How do unions affect state spending and taxation?
Two interesting graphs from Barry Pump. The first looked into whether there's a clear correlation between union density and the progressivity of a state's tax system. There wasn't:
This next graph is slightly confusing: it's looking for a relationship between union density and social welfare spending, but it's designed such that a negative correlation -- so, a line sloping downward -- indicated a positive relationship between union density and social welfare spending. And as you can see, that's exactly what we've got:
"So there is prima facie evidence that unions may be more effective in their advocacy for how tax revenues are spent rather than the fairness of the tax burden," concludes Pump. I don't want to read too much into these two graphs, as all sorts of other factors could be driving the results (and the non-results). But the findings make sense to me: Republicans (and allied groups) place a very high priority on keeping taxes on the rich down, while Democrats (and allied groups) tend to place a high priority on keeping social spending on the poor up. So in states where unions are strong, Republicans may be putting their energies into beating back progressive tax proposals while unions and Democrats focus on pre-K education.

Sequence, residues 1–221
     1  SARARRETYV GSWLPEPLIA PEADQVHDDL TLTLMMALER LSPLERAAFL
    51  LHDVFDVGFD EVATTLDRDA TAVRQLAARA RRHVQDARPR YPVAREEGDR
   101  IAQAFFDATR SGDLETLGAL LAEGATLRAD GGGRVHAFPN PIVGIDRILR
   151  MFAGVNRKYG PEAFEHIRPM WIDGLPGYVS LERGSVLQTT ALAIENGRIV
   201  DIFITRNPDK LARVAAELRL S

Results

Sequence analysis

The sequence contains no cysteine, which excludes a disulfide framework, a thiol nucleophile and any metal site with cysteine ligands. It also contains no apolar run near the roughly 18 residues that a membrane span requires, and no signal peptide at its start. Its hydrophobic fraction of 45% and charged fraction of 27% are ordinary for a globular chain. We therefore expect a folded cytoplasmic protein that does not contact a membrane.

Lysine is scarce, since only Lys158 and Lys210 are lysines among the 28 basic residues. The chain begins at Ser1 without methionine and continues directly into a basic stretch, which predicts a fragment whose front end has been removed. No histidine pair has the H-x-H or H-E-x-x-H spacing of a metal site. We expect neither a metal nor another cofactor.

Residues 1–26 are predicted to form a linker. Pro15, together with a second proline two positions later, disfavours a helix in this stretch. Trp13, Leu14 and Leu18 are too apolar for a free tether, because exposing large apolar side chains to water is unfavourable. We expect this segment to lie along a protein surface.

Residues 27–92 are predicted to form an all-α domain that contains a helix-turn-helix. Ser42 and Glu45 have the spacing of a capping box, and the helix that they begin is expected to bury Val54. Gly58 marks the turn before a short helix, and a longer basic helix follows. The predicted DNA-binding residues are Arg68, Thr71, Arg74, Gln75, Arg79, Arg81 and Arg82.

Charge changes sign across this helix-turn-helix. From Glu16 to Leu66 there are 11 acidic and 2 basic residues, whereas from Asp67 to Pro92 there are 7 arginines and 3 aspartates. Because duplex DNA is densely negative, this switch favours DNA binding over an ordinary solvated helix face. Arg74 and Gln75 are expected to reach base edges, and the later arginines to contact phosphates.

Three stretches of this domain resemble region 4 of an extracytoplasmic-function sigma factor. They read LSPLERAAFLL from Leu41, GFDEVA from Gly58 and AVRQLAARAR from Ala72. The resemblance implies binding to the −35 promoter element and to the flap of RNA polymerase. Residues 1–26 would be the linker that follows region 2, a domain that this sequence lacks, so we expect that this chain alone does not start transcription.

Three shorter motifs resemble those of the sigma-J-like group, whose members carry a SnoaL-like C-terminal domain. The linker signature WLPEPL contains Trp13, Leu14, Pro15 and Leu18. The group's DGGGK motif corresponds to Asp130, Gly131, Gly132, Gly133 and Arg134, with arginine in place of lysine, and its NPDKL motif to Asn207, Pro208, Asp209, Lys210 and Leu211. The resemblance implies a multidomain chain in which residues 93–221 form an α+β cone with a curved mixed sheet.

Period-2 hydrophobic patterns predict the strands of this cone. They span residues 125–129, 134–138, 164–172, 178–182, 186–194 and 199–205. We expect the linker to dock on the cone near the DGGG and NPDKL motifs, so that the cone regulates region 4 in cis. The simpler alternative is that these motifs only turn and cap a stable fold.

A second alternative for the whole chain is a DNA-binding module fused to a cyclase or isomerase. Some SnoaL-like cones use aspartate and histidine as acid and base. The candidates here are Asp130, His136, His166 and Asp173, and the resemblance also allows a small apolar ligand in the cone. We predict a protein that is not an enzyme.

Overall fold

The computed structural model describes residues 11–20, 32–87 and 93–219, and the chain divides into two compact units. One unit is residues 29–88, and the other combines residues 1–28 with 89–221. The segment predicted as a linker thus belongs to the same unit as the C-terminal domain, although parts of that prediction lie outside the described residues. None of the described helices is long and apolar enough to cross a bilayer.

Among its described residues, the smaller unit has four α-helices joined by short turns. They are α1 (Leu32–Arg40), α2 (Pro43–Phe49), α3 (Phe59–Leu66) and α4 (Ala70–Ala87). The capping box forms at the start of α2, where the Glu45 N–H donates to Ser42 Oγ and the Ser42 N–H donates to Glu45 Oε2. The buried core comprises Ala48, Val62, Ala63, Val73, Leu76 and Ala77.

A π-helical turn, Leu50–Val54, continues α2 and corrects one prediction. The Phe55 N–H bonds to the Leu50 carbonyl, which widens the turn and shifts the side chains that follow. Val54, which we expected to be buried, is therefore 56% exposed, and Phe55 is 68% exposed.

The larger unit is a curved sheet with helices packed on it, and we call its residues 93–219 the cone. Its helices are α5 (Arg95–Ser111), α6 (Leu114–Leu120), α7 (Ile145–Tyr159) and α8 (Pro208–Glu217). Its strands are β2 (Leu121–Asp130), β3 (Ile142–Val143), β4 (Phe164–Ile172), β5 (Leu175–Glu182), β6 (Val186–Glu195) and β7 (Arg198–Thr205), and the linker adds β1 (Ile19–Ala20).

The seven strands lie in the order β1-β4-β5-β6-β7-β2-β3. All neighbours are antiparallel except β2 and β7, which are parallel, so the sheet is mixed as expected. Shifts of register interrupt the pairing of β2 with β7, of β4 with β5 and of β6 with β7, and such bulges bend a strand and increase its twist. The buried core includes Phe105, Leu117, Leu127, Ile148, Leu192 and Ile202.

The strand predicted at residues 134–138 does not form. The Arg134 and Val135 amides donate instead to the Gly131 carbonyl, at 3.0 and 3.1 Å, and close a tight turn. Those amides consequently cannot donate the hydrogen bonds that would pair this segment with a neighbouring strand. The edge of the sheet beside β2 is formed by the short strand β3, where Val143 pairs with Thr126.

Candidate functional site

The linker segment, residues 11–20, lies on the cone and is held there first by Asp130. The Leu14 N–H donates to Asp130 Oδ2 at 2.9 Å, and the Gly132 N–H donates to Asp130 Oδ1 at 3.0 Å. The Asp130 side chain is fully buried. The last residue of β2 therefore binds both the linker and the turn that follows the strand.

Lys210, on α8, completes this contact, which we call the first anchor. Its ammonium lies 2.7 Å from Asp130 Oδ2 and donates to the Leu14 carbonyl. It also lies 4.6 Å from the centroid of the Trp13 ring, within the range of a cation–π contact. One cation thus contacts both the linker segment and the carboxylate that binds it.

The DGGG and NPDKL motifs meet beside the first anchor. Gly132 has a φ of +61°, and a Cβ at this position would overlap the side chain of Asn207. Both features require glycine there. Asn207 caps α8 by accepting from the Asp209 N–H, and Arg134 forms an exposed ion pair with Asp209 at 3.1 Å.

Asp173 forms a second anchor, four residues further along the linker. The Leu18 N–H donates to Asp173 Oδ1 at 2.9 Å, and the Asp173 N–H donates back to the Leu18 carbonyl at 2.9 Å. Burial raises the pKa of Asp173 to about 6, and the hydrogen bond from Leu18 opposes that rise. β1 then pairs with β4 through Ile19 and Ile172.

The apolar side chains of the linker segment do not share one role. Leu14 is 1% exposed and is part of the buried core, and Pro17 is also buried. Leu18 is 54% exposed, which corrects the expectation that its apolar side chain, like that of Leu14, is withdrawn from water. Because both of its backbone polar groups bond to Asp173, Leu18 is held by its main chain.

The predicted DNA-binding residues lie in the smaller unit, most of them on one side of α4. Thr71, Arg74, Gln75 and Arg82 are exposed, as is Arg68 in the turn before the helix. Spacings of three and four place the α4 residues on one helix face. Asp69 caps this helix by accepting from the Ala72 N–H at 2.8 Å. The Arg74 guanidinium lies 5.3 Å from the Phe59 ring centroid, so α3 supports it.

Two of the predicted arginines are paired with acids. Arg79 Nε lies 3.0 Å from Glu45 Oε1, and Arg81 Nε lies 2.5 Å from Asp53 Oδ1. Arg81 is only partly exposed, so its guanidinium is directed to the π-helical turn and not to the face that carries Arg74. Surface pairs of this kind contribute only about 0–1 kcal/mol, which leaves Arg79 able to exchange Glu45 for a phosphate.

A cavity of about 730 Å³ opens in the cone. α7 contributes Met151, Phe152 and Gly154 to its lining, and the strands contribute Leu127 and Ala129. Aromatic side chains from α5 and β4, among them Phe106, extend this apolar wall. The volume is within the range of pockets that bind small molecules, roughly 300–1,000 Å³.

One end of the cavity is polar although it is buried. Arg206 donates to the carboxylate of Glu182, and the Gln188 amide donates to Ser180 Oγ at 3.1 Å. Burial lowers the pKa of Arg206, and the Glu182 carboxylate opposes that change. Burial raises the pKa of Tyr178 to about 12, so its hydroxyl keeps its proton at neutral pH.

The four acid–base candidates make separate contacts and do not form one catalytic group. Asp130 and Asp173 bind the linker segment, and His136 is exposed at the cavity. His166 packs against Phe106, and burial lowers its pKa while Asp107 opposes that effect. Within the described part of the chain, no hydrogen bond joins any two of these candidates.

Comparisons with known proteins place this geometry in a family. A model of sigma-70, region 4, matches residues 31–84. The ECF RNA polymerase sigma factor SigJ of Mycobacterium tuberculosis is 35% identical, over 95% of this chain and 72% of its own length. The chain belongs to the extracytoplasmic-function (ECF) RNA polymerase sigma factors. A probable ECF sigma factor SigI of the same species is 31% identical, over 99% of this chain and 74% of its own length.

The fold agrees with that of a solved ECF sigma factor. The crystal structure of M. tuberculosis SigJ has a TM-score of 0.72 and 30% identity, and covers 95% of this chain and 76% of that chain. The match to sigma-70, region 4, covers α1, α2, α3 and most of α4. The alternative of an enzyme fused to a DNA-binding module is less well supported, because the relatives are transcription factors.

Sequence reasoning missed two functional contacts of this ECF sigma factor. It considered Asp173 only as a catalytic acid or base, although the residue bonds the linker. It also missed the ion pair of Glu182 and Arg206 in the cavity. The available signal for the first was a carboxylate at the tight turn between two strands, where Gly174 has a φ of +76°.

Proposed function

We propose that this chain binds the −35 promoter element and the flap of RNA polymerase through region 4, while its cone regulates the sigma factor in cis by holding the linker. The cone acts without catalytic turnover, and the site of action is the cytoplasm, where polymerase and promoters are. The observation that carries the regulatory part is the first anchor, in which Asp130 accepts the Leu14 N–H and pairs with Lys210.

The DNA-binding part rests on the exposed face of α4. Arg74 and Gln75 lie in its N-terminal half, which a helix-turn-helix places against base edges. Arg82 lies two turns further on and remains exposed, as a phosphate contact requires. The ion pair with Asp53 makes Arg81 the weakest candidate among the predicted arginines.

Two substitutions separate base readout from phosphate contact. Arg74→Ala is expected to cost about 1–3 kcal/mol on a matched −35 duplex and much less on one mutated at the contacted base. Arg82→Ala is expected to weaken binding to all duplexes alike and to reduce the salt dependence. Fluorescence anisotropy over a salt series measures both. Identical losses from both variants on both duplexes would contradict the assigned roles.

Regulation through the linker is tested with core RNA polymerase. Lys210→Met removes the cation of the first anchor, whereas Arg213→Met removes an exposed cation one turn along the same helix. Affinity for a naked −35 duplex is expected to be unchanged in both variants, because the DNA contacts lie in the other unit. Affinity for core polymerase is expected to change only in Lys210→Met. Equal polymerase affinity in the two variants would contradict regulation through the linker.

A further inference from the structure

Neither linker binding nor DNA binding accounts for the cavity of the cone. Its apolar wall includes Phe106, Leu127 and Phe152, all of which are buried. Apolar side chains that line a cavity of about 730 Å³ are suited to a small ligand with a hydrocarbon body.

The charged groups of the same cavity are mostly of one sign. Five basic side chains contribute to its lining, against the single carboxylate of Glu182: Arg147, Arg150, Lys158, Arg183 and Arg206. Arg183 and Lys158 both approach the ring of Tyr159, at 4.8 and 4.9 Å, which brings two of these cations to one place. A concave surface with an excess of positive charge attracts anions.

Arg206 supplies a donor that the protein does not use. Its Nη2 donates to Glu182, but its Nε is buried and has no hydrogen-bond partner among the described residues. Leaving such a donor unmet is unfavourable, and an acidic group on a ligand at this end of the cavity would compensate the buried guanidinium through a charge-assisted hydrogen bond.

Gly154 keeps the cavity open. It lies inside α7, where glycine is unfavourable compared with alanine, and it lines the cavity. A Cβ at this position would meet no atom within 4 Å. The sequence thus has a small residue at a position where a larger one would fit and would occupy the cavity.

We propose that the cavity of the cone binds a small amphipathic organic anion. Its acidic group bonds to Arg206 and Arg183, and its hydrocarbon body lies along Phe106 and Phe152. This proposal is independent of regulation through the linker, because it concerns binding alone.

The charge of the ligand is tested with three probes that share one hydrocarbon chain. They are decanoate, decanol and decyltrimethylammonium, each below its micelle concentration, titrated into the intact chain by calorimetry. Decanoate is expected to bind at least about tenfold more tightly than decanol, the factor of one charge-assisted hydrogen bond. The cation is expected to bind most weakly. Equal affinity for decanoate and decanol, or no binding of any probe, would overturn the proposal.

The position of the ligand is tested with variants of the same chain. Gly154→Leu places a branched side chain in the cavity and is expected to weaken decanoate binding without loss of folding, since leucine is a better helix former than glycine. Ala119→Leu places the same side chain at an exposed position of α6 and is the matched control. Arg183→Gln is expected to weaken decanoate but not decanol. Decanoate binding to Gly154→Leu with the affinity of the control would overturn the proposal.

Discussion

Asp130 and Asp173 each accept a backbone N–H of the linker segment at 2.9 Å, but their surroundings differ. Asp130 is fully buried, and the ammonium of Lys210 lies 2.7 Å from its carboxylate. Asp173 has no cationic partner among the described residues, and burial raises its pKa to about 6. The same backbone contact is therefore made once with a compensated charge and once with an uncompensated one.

| February 25, 2011; 8:44 AM ET
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